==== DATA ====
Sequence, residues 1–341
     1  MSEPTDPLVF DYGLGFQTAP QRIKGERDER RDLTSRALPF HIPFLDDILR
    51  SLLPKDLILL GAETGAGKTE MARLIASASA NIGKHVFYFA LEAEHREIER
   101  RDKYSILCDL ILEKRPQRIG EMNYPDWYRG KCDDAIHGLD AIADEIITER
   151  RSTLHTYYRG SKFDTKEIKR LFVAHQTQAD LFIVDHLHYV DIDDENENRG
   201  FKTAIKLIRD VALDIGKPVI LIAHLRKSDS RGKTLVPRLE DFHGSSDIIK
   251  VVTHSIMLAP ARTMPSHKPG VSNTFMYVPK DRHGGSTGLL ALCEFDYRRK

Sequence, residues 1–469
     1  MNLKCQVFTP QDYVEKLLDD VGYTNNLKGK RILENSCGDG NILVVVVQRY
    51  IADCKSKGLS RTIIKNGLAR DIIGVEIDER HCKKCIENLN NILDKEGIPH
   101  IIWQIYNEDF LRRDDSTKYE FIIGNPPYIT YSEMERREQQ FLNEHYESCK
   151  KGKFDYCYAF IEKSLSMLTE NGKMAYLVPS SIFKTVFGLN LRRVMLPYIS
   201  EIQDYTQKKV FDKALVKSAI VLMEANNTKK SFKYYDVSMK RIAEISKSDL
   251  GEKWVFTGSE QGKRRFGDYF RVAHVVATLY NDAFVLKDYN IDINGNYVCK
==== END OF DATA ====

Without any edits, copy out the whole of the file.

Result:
Sequence, residues 1–341
     1  MSEPTDPLVF DYGLGFQTAP QRIKGERDER RDLTSRALPF HIPFLDDILR
    51  SLLPKDLILL GAETGAGKTE MARLIASASA NIGKHVFYFA LEAEHREIER
   101  RDKYSILCDL ILEKRPQRIG EMNYPDWYRG KCDDAIHGLD AIADEIITER
   151  RSTLHTYYRG SKFDTKEIKR LFVAHQTQAD LFIVDHLHYV DIDDENENRG
   201  FKTAIKLIRD VALDIGKPVI LIAHLRKSDS RGKTLVPRLE DFHGSSDIIK
   251  VVTHSIMLAP ARTMPSHKPG VSNTFMYVPK DRHGGSTGLL ALCEFDYRRK

Sequence, residues 1–469
     1  MNLKCQVFTP QDYVEKLLDD VGYTNNLKGK RILENSCGDG NILVVVVQRY
    51  IADCKSKGLS RTIIKNGLAR DIIGVEIDER HCKKCIENLN NILDKEGIPH
   101  IIWQIYNEDF LRRDDSTKYE FIIGNPPYIT YSEMERREQQ FLNEHYESCK
   151  KGKFDYCYAF IEKSLSMLTE NGKMAYLVPS SIFKTVFGLN LRRVMLPYIS
   201  EIQDYTQKKV FDKALVKSAI VLMEANNTKK SFKYYDVSMK RIAEISKSDL
   251  GEKWVFTGSE QGKRRFGDYF RVAHVVATLY NDAFVLKDYN IDINGNYVCK